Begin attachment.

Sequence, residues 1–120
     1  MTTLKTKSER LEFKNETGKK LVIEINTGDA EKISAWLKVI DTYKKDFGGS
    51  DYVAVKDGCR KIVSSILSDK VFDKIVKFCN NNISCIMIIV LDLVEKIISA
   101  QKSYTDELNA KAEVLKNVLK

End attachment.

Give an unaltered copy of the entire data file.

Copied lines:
Sequence, residues 1–120
     1  MTTLKTKSER LEFKNETGKK LVIEINTGDA EKISAWLKVI DTYKKDFGGS
    51  DYVAVKDGCR KIVSSILSDK VFDKIVKFCN NNISCIMIIV LDLVEKIISA
   101  QKSYTDELNA KAEVLKNVLK